Incumbent David J. Czajka, 36, was beaten by Fontana in the primary by 236 votes. He returns on the Conservative line. The intelligent Czajka has not made the most of his potential in his four years on the Council and seems not sufficiently in touch with his constituents. Ricky T. Donovan is on two minor-party lines.

Niagara District: Quintana

Incumbent Robert Quintana, 35, on leave from the Buffalo Police Department, is seeking a second term on the Democratic line. Quintana is bright, forceful, ambitious and determined, and he has a good street sense. He shows good initiative. But sometimes he wants to have it both ways as when, in 1996, he voted for the budget but against the unpopular garbage fee needed to balance it.

Overall, however, he clearly merits continuation in office.

Quintana has been able to begin a systematic housing-code enforcement program in his district. He took heat for reorganizing human-service agencies but believes he has ended duplication of effort. He is unhappy with what he considers a lack of police visibility in the district.

His opponent is Antoinette (Toni) Guercio, 44, who is involved in her family's well-known Grant Street grocery store. She advocates zero-based budgeting, a Common Council downsizing, an end to the garbage fee and a greater share of the sales tax for Buffalo. Mrs. Guercio is sincere in her devotion to Buffalo, but she needs a better sense of the Council job -- its possibilities and its limits.

North District: Zuchlewski

Democrat Dale Zuchlewski, 42, completing his sixth year on the Council, has grown into one of its better members. He is less argumentative than in the past and has developed a good understanding of the fiscal realities facing the city, a trait not always shared by his colleagues.

As chairman of the Community Development Committee, he gets good marks for annually shepherding the city block-grant budget through the Council. He was co-sponsor of the site-plan review process governing new commercial developments and has played a role in overseeing his district's strong retail growth. Zuchlewski has been a good advocate for public schools.

His Republican opponent is David L. Penna, 45, a customer-service agent for US Airways. Penna's main theme is a promise to hold a binding referendum on an end to busing for school integration at the elementary-school level -- even though school organization is not a Council responsibility. Penna advocates shrinking county government in favor of local control.

North District residents who have watched Zuchlewski grow in the job have no good reason to bounce him out now.

South District: Lockwood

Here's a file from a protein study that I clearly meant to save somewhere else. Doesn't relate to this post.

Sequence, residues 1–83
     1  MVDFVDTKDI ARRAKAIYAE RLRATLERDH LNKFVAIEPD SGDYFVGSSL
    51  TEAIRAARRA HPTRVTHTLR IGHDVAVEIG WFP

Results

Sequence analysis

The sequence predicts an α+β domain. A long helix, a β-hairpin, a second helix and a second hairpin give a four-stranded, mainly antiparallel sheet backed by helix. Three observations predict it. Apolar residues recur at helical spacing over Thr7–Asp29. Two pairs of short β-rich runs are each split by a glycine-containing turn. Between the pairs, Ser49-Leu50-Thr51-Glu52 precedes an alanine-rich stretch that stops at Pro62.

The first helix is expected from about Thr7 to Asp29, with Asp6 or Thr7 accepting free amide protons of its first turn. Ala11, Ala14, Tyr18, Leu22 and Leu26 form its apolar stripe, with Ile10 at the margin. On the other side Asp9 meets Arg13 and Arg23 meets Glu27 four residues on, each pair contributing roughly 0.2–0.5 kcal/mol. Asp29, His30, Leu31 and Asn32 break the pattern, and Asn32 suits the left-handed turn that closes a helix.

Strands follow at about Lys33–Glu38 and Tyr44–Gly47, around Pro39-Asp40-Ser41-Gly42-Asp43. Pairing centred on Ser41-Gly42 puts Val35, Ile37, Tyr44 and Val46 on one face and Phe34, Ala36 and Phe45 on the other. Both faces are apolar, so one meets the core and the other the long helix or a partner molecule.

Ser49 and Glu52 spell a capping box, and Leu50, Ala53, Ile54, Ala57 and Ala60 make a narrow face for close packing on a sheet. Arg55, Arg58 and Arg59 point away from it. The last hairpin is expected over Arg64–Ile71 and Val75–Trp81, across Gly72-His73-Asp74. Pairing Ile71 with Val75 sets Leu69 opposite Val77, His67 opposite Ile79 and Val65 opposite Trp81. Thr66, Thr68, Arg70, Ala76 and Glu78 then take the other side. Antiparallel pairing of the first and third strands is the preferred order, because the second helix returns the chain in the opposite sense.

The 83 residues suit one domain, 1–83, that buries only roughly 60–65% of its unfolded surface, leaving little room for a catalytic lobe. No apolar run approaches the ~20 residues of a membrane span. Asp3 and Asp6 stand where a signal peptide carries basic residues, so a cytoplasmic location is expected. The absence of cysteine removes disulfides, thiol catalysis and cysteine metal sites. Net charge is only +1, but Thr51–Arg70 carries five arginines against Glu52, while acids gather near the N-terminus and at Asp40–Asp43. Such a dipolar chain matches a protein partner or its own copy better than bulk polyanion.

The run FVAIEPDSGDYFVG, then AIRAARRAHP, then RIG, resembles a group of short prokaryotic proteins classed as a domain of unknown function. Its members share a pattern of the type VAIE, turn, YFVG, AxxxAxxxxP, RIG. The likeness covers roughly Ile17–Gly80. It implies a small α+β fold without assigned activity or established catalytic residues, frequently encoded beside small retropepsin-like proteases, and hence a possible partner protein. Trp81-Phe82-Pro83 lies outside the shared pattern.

Incumbent Bonnie Kane Lockwood, 42, is left with just the Conservative line after a 247-vote defeat in the crucial Democratic primary. Even though she is not conducting a particularly active campaign in the three-way general election, Lockwood is so clearly the best candidate of the three that an endorsement for one of her opponents would be impossible to defend.

Because he has won the Democratic primary, Dennis T. Manley, 48, a former program manager for National Fuel, is favored to win the seat. But his candidacy is seriously tainted by inflammatory issue-making. Manley has accused Lockwood of supporting a program to move public-housing tenants into a private South Buffalo apartment complex when no such program exists. Such tactics raise serious questions about how effective Manley can be in the give-and-take of the diverse Council.

The Republican candidate is Denis P. Coakley, 25, a teacher who lost to Lockwood two years ago.

Coakley is an earnest candidate who wants to repeal the garbage fee and see a return to neighborhood schools. But his inexperience shows.

For her part, Lockwood, completing her second term, is a thoughtful, innovative, determined Council member with a strong sense of her community's needs. District voters should find her name on the ballot and keep her in City Hall for two more years.

University District: Helfer

Incumbent Kevin J. Helfer, 39, is an enrolled Conservative who runs with the Republican line as well. Despite his status as the Council's only non-Democrat, Helfer plays an active role in all aspects of Council business and has emerged as an outstanding representative.

He is an imaginative non-stop worker who played a major part in getting the University at Buffalo to become involved in projects in the residential areas around the South Campus. He has been particularly successful in housing rehabilitation and in bringing minority workers into the construction business. Thinking beyond district boundaries, Helfer vows to put a major focus on downtown Buffalo.

Liberal Party candidate Betty Jean Grant, a teacher, offers the only opposition. Helfer, finishing his fourth year on the Council, clearly merits re-election.